When he’s not committing umbrella crimes and stealing submarines, that is.
The rest of his body and suit fit the look from the show, and his wider girth helps set the figure apart from the other, leaner male characters of this line. Once again I’ll lament the lack of accessories, as an umbrella would be perfect for dear old Cobblepot, but no matter.
Were I of a sharper mind and quicker wit, I would come up with some sort of riddle to introduce this figure. I am not, so I will not, and instead will just jump right into the review.
Like Burgess Meredith’s performance as the Penguin, Frank Gorshin practically defined the Riddler for decades. He was the very first villain featured on the show, after all, and Gorshin’s ability to go from cool, collected brainiac to manic, unhinged savagery made the Riddler as entertaining as he was terrifying. He also had a fairly diverse wardrobe, sporting both a green leotard and a dapper suit in his crusade of crime.
The Riddler figure here is decked out in the former, with the skintight green outfit emblazoned with question marks both big and small. It’s a striking look, one that let’s you know exactly who you’re messing with, which is befitting of the man who knows he’s the smartest man in the room and will do anything to prove it.
His likeness isn’t as spot on as Batman or Penguin, but you can see Gorshin in that sneer. My favorite detail, though, is the pair of fashionable loafers that Nygma is wearing. For what point is there in wreaking havoc across Gotham City with riddle-based crimes if your feet are not comfortable?
I’ve saved the best for last, because holy cow this Catwoman figure is fantastic. Bonus points right away for having the first representation of the feline femme fatale in this line be based on Eartha Kitt, who portrayed Catwoman in season three of the series. Most Catwoman merchandise for the series takes after Julie Newmar or Lee Meriwether, so giving Kitt some time in the sun is a welcome surprise.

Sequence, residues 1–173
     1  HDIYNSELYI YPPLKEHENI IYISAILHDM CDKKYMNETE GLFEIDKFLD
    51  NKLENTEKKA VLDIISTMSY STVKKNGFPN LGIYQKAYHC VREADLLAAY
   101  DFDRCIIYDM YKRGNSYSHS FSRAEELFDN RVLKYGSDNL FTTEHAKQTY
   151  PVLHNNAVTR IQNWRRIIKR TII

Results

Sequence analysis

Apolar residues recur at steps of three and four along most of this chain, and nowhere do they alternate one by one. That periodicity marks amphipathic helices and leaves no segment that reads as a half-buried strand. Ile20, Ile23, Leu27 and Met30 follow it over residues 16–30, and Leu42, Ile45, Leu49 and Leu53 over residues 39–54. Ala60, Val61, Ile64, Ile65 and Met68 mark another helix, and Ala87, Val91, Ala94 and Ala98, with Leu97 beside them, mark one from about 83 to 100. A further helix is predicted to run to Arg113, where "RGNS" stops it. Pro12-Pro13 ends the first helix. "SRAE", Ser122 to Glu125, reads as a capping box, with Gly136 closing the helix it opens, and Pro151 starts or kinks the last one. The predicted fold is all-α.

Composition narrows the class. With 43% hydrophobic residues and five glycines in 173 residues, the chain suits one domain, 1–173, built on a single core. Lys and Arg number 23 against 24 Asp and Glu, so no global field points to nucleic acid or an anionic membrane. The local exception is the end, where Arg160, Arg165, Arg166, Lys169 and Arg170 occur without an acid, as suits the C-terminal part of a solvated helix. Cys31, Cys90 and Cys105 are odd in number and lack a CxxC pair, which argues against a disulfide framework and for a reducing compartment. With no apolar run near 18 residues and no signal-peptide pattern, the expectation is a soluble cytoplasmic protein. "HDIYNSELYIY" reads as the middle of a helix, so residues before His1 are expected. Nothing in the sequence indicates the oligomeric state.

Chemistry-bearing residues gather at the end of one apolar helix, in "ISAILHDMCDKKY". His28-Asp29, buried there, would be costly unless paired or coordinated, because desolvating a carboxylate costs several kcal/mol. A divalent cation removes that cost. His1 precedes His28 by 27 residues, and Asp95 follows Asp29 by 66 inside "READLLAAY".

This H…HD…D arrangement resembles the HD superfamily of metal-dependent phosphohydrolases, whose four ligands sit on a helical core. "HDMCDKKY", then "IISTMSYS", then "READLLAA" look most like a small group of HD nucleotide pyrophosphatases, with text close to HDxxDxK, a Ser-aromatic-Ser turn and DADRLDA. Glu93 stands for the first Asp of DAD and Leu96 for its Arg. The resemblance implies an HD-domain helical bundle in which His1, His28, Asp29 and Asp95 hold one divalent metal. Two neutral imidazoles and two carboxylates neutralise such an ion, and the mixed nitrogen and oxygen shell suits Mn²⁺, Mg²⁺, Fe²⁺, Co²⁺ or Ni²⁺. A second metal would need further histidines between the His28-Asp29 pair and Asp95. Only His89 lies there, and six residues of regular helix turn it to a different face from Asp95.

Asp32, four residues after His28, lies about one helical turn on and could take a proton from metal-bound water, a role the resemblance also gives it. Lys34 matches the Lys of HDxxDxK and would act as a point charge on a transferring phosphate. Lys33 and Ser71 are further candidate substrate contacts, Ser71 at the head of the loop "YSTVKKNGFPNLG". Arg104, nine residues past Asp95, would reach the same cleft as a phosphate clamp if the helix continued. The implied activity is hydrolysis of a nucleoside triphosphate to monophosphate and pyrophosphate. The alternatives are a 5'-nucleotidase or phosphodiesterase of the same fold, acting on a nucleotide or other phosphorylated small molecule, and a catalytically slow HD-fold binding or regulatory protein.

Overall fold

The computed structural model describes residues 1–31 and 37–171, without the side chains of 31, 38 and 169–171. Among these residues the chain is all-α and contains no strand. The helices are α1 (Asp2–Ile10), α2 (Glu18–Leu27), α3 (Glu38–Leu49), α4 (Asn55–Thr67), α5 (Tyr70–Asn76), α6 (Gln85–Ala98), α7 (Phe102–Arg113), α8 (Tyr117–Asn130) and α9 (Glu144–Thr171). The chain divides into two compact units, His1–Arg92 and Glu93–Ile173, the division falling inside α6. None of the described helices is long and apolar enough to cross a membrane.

And everything about this figure is great: the likeness, the sculpting, the paint application. Everything.
Just look at her hands, both of which are sculpted with all of her fingers spread. It makes the lack of an accessory easy to dismiss, because there’s so much potential for great posing with her clawed fingers ready to strike.
The coloring of her bodysuit is by far the most eye-popping aspect of the figure, as the black outfit has tiny specks of gold all throughout. It gives the character a bit of a glow and radiance, when McFarlane could have easily gone with a flat black paint application and called it a day.
There are other figures in the line that are more fun, but Catwoman here is the best all around. She has great sculpting, and pays tribute to a sadly overlooked performance by a wonderful actress.
Overall: These waves are the most diverse yet, with new characters, new sculpts, and nods to one of the best episodes of the entire classic television series. Whether it’s the hilarious sight of Batman and Joker in board shorts, the different body sculpts for Penguin and Riddler, or the welcome decision to make a figure based on Eartha Kitt’s underrated performance as Catwoman, waves 2 and 3 of this line offer plenty or variety for fans of the television series.
Disclaimer: McFarlane Toys provided Batman News with several figures for this review.